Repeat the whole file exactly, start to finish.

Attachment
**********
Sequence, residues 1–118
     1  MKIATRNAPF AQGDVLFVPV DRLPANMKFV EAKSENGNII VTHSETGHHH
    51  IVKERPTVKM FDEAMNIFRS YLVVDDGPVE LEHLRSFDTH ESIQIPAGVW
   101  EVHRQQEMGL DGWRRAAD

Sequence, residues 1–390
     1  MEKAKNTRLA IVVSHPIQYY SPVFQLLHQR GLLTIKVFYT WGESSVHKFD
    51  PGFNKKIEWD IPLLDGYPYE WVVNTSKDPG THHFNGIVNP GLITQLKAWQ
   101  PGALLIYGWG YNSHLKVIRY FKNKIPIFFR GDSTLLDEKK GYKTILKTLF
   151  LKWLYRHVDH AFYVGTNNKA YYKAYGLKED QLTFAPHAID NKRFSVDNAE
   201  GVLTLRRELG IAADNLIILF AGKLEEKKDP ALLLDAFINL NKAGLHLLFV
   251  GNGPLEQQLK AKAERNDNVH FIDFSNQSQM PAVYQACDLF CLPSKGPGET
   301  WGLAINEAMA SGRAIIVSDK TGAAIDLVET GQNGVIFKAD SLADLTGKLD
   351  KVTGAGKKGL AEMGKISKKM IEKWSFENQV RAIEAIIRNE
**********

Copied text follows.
Sequence, residues 1–118
     1  MKIATRNAPF AQGDVLFVPV DRLPANMKFV EAKSENGNII VTHSETGHHH
    51  IVKERPTVKM FDEAMNIFRS YLVVDDGPVE LEHLRSFDTH ESIQIPAGVW
   101  EVHRQQEMGL DGWRRAAD

Sequence, residues 1–390
     1  MEKAKNTRLA IVVSHPIQYY SPVFQLLHQR GLLTIKVFYT WGESSVHKFD
    51  PGFNKKIEWD IPLLDGYPYE WVVNTSKDPG THHFNGIVNP GLITQLKAWQ
   101  PGALLIYGWG YNSHLKVIRY FKNKIPIFFR GDSTLLDEKK GYKTILKTLF
   151  LKWLYRHVDH AFYVGTNNKA YYKAYGLKED QLTFAPHAID NKRFSVDNAE
   201  GVLTLRRELG IAADNLIILF AGKLEEKKDP ALLLDAFINL NKAGLHLLFV
   251  GNGPLEQQLK AKAERNDNVH FIDFSNQSQM PAVYQACDLF CLPSKGPGET
   301  WGLAINEAMA SGRAIIVSDK TGAAIDLVET GQNGVIFKAD SLADLTGKLD
   351  KVTGAGKKGL AEMGKISKKM IEKWSFENQV RAIEAIIRNE